Hailing from London, blues-infused four-piece Palace have stapled themselves as one of the most exciting acts to emerge from the UK music scene in recent years. Having released their debut EP in 2014, the band have since gone from strength-to-strength, now homing in on their unique brand of mesmerising indie-pop on their latest full-length offering Shoals.
Confronting their fears and anxieties with the pedal through the floor, the quartet have written a step-by-step instruction manual on overcoming loss and embracing the real ‘us’. Travelling through the existential “Gravity” to the haunting delicacy of “Fade” and the nostalgic undertones of “Give Me The Rain”, Shoals is a journey through the the band's collective mind.
Opening track “Never Said It Was Easy” embraces you with an opening chorus of vocalisations, backed by insistent synths veiled in melancholy. The emotive vocals pack a punch in a heart-wrenching delivery as the band introduce their album with a nostalgic run-through of years gone by.
Where “Shame On You” was pleading and emotive, “Fade” greets with cathartic, hypnotic drum rhythms before stripping back to allow the vocals to take centre stage. “I'm breaking down / Inside of my head … Inside I'm a mess” externalises the emotional turmoil of fearing for the future as lead singer Wyndham lends an insight into his deepest worries. The cut features the urgency found in Alabama Shakes’ numbers, but with their own sonic twist.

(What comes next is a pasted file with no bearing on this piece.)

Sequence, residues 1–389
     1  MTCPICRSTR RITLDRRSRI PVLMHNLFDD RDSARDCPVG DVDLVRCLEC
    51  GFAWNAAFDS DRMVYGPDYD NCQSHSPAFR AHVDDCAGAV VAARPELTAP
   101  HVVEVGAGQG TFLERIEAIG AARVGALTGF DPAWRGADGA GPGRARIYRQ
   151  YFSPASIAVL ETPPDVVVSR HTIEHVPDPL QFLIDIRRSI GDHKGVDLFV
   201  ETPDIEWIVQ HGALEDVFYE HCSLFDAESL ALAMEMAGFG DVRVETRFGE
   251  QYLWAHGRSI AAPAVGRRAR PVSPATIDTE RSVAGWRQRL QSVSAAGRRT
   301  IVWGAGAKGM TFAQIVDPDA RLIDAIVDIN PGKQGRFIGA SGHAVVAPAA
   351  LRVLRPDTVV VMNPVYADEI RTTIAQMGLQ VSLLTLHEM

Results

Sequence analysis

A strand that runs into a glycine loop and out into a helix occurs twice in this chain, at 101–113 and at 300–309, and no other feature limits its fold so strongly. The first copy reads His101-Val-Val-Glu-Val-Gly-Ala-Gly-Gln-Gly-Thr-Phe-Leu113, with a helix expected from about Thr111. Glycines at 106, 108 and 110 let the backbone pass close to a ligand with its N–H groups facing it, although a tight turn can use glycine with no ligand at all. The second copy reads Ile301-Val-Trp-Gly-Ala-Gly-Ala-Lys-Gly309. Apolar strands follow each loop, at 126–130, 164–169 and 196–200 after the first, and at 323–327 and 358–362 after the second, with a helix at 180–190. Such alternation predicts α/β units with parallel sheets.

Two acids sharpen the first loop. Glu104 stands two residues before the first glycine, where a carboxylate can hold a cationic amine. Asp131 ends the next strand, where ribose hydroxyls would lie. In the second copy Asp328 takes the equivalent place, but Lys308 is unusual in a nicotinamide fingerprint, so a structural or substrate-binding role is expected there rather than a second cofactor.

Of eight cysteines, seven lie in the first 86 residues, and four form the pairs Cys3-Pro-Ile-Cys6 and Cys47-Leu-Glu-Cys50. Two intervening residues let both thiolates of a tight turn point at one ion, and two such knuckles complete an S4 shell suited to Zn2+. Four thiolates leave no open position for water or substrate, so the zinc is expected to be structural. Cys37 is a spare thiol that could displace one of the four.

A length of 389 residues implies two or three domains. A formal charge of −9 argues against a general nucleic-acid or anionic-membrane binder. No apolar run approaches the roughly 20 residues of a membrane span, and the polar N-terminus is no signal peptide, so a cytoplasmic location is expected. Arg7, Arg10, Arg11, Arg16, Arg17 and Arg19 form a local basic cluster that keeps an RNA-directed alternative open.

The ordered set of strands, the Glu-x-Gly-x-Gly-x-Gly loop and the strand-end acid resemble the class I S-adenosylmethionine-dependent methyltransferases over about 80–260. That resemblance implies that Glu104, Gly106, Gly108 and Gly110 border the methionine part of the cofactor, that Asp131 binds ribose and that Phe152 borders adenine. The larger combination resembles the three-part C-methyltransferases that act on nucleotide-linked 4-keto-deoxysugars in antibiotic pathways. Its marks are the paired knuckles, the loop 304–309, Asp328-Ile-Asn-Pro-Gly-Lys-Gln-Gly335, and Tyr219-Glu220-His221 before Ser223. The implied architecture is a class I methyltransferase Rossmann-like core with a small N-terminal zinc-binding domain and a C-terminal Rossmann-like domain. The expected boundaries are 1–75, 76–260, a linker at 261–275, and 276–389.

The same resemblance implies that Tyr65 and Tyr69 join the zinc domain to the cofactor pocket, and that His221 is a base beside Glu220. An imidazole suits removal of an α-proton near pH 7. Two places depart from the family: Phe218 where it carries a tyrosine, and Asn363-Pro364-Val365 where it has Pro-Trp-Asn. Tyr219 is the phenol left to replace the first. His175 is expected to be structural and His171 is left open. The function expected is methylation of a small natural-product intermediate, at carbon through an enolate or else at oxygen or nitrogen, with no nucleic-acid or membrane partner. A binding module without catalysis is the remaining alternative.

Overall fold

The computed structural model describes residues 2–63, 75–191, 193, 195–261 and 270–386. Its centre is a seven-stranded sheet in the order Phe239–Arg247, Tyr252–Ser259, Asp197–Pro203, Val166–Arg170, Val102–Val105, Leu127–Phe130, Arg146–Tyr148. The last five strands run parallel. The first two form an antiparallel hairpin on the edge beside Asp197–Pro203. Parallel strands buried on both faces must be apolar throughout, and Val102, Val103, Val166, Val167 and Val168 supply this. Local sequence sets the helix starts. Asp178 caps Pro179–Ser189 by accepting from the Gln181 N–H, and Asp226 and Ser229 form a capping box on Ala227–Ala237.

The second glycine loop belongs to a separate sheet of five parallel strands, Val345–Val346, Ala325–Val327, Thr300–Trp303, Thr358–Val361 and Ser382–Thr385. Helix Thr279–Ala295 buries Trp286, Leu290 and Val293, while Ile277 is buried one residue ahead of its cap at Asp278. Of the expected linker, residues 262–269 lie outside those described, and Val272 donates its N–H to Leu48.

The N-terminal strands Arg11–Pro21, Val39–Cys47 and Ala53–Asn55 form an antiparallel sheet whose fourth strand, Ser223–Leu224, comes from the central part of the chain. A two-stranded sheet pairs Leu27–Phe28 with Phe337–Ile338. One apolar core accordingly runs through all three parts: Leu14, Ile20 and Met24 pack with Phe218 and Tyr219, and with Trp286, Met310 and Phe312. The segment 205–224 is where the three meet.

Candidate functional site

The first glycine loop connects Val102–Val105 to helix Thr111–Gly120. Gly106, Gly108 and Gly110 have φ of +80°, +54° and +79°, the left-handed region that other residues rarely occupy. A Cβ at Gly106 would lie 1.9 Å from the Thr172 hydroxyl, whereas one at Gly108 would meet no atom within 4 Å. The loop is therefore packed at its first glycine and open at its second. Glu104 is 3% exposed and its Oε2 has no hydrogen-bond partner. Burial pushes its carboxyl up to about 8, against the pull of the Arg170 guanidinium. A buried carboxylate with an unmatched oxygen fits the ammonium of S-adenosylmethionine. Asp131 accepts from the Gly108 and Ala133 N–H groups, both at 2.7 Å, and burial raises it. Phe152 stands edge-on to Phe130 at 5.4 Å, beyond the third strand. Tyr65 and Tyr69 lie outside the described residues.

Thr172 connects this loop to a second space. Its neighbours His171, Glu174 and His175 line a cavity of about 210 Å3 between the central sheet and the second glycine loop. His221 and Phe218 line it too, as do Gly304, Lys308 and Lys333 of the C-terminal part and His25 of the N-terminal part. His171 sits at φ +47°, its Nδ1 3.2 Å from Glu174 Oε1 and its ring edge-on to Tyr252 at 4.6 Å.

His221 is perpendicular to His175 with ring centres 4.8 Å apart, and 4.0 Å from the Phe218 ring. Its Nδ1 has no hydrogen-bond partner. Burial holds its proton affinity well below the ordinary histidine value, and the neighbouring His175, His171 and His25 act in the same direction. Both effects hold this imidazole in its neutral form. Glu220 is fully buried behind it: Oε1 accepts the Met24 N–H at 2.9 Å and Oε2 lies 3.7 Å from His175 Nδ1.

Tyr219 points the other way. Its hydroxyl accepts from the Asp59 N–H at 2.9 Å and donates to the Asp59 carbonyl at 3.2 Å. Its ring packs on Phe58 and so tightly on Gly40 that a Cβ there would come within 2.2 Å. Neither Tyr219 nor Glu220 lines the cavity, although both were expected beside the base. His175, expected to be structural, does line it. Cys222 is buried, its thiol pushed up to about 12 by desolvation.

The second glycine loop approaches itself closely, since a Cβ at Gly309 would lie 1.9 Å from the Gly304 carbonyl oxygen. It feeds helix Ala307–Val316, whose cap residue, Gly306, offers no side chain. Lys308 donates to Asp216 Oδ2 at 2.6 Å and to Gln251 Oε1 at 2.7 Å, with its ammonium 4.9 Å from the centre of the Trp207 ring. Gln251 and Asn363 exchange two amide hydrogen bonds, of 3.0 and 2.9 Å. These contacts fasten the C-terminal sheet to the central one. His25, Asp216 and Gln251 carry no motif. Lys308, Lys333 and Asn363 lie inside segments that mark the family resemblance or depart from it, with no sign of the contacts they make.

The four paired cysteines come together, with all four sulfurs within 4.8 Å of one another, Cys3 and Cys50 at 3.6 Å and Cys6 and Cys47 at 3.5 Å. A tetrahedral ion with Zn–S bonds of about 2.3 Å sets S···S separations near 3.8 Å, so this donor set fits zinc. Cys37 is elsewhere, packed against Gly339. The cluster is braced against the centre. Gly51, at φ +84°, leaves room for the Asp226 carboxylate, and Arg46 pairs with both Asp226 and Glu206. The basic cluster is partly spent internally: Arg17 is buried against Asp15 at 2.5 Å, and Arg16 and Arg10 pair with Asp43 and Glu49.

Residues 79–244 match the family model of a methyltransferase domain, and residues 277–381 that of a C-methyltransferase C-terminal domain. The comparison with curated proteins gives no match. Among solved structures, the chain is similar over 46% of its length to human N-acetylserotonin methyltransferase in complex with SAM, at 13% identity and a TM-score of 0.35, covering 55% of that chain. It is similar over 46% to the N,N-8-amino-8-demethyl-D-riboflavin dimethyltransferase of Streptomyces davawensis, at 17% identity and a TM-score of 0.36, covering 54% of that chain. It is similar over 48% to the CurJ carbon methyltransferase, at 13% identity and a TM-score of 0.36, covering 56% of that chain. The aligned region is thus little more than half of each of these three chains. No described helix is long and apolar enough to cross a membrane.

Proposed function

Lead single “Gravity” dabbles in shoegaze soundscapes whilst exploring existentialism through philosophical lamentations. The boldness of the track juxtaposes the narrative of cosmological insignificance, as profound self-realisation oozes in sultry vocals. Backed by funky basslines and smooth, rolling percussive notes, the track hits an explosive climax before delving back into bluesy beats.
Stripped-back blues influence are prevalent throughout - with the suave elegance of “Killer Whale” Palace ruminate on time, where in “Lover (Don’t Let Me Down)”, we see the four-piece experiment with tales of the heart. With “Where Sky Becomes Sea”, Palace round off their journey with soft and woozy instrumentation as the LP slowly tapers to a close with layered harmonies and scattered vocal intonations.
With this album, Palace have offered a spiritual voyage through the fluctuations of life, and the uncertainty that holds its hand. If Shoals is anything to go by, Palace will be filling stadiums before too long.